9.3SOFT TISSUE CHANGES 9.3 SOFT TISSUE CHANGES

Survey radiographs can give a good indication of the nutritional status of an animal. Lack of fat over the dorsal spinous processes of the spine, and poor soft tissue detail (due to lack of mesenteric fat) on lateral abdominal radiographs both may indicate poor body condition.

Large deposits of fat over the spine, in the region of the falciform ligament in the cranioventral abdomen or around the apex of the heart may all suggest the presence of overnutrition or obesity.

Soft tissue organs should be examined on survey radiographs for changes in shape, contour, size, position or radiodensity.

In ageing animals several changes are commonly seen on survey radiographs which may have little or no clinical significance:

(1) In the chest cardiac enlargement (left sided, right sided or both) may occur in dogs in the absence of any clinical signs but associated with compensatory mechanisms such as in response to the leaking atrioventricular valves which occurs in endocardiosis.
(2) Many older dogs (particularly the brachycephalic breeds) develop a pronounced bronchial pattem (doughnuts and tramlines) on lateral radiographs of the chest due to thickening and calcification of the bronchial walls. These changes may or may not be associated with respiratory signs such as abnormal respiratory sounds on auscultation.
(3) In the abdomen hepatic enlargement is frequently noticed in both cats and dogs with the left hepatic lobe extending well beyond the costal arch on lateral views of the abdomen. Occasionally the liver size is reduced on survey radiographs, sometimes with cranial displacement of the axis of the stomach even though routine biochemistry tests for liver damage are normal.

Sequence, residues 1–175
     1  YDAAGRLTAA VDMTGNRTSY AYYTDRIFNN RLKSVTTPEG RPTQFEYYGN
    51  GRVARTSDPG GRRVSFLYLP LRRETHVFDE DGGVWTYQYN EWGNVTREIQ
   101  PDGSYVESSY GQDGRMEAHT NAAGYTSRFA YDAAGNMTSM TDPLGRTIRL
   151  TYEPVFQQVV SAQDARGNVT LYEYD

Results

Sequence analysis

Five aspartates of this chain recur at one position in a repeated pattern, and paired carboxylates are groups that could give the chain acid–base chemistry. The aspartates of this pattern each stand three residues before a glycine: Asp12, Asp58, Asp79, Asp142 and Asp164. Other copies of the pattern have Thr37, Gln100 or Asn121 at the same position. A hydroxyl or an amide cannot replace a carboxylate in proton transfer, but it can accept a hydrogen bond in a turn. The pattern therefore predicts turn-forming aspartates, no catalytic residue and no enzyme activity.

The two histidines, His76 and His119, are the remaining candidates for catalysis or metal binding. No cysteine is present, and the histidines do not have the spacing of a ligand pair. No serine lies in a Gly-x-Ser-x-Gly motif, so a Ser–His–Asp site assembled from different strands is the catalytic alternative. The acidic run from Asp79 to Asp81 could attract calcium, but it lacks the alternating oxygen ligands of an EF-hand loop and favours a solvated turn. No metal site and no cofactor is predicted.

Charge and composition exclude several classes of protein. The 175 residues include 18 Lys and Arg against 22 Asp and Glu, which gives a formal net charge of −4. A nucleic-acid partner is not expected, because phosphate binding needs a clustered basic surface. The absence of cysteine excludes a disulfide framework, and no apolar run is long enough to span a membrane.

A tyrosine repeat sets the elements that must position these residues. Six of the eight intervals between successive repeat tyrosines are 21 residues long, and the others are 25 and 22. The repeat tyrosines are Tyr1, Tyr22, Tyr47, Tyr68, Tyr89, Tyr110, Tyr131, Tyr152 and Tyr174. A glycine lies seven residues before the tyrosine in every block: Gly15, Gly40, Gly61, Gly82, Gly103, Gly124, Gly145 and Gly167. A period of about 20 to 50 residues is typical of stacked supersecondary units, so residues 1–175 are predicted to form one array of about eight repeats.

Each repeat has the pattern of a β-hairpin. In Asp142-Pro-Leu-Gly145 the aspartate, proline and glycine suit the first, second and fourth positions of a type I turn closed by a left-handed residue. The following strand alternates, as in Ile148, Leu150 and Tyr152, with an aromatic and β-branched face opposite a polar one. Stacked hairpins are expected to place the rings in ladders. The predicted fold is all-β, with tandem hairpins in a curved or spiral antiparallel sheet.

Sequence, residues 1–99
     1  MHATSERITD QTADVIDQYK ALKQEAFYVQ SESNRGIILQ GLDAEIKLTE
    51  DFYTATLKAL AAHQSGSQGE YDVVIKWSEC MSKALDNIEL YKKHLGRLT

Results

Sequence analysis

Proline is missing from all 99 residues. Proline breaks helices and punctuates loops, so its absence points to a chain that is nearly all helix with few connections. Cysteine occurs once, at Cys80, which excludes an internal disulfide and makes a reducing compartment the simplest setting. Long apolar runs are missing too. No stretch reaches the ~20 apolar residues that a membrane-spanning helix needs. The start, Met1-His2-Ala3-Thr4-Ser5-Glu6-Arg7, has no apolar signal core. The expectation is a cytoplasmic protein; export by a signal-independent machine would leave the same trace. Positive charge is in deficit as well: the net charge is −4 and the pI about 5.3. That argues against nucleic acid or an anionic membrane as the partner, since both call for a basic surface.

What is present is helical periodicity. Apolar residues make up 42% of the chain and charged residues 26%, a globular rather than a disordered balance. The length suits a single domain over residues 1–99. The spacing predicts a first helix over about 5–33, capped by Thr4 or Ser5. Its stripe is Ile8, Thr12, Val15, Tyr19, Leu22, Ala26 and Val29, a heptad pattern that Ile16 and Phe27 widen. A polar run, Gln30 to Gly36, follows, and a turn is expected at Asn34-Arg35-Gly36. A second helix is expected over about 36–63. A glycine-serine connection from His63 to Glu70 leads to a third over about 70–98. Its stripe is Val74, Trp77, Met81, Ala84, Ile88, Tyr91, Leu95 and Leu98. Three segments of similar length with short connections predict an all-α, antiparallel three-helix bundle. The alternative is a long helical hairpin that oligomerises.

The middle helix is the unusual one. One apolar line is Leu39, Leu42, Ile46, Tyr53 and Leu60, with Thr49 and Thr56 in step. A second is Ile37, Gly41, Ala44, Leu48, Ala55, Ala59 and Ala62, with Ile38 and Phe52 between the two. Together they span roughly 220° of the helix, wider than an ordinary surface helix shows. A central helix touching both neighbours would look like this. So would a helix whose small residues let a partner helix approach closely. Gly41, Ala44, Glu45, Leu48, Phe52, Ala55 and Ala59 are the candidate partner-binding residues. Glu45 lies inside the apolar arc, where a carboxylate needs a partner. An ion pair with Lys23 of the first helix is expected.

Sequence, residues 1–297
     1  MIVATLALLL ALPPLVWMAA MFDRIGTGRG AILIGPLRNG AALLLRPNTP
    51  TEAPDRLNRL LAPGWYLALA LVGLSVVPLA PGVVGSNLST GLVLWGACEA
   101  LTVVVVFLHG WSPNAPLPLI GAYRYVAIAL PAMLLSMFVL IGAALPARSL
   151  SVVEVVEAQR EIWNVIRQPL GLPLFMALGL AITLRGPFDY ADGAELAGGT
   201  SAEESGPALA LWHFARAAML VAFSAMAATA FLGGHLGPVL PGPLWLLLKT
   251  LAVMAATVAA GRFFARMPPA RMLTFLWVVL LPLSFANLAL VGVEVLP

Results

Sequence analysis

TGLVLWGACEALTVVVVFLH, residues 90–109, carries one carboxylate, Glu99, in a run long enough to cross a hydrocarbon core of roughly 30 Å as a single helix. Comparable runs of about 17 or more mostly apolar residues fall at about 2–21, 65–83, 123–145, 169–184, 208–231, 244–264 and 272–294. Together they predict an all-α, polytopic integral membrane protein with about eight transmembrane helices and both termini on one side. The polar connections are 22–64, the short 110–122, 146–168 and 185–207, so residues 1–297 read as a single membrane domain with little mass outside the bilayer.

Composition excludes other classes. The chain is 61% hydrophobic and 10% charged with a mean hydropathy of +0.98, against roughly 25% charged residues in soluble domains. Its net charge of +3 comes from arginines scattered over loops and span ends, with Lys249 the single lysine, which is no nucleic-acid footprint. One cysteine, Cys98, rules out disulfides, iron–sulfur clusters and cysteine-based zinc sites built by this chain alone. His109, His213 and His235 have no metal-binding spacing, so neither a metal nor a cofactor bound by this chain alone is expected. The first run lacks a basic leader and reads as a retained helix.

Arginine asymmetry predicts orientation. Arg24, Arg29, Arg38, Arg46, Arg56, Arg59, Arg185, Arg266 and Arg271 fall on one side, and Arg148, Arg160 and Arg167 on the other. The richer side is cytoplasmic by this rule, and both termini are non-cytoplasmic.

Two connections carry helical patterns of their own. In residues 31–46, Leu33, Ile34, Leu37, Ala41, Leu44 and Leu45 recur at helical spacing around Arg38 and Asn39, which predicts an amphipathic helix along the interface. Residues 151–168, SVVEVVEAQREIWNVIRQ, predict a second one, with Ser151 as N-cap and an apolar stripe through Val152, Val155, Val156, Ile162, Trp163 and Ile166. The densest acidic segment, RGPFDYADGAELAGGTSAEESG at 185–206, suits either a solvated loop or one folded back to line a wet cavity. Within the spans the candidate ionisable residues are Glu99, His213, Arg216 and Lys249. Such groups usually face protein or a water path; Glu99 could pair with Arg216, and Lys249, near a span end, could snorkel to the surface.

(4) Kidney size may be reduced in the presence of progressive renal dissuch as chronic interstitial nephritis in cats and increased in cases of renal hypertrophy or neoplasia, and the renal contour may be irregular due to fibrosis or the presence of neoplasia such as lymphosarcoma (which is also common in cats).
(5) Dystrophic calcification can occur in many soft tissues notably the kidneys (where it usually occurs at the junction between the cortex and medulla), heart wall, urinary bladder, prostate, tendons and skin. In tendons the likely cause is chronic inflammation due to repeated trauma. However, in all such cases a primary underlying cause such as hypercalcaemia due to paraneoplastic syndrome, or Cushing's syndrome should be sought.
(6) Animals with Cushing's syndrome (hyperadrenocorticism) and other conditions may develop calcification of the skin which, when overlying other structures, may confuse unsuspecting clinicians trying to interpret radiographs.

Interpretation of the significance of radiographic signs can be difficult in older animals. It is helpful if comparisons can be made with survey radiographs taken earlier in life to determine significant changes and, if sequential films are available, they will give an idea of the timescale of progression of a lesion. This type of information can be very helpful with the development of subtle changes in, for example, the lungs.

If it were not for the potential health hazards associated with obtaining good radiographic images, and for the need to administer a general anaesthetic to most animals to get them, a good case could be put for obtaining screening films at various stages of an animal's life. In future the use of safe, noninvasive imaging techniques such as ultrasound will undoubtedly add a new dimension to our ability to detect early changes in organs through routine screening examinations.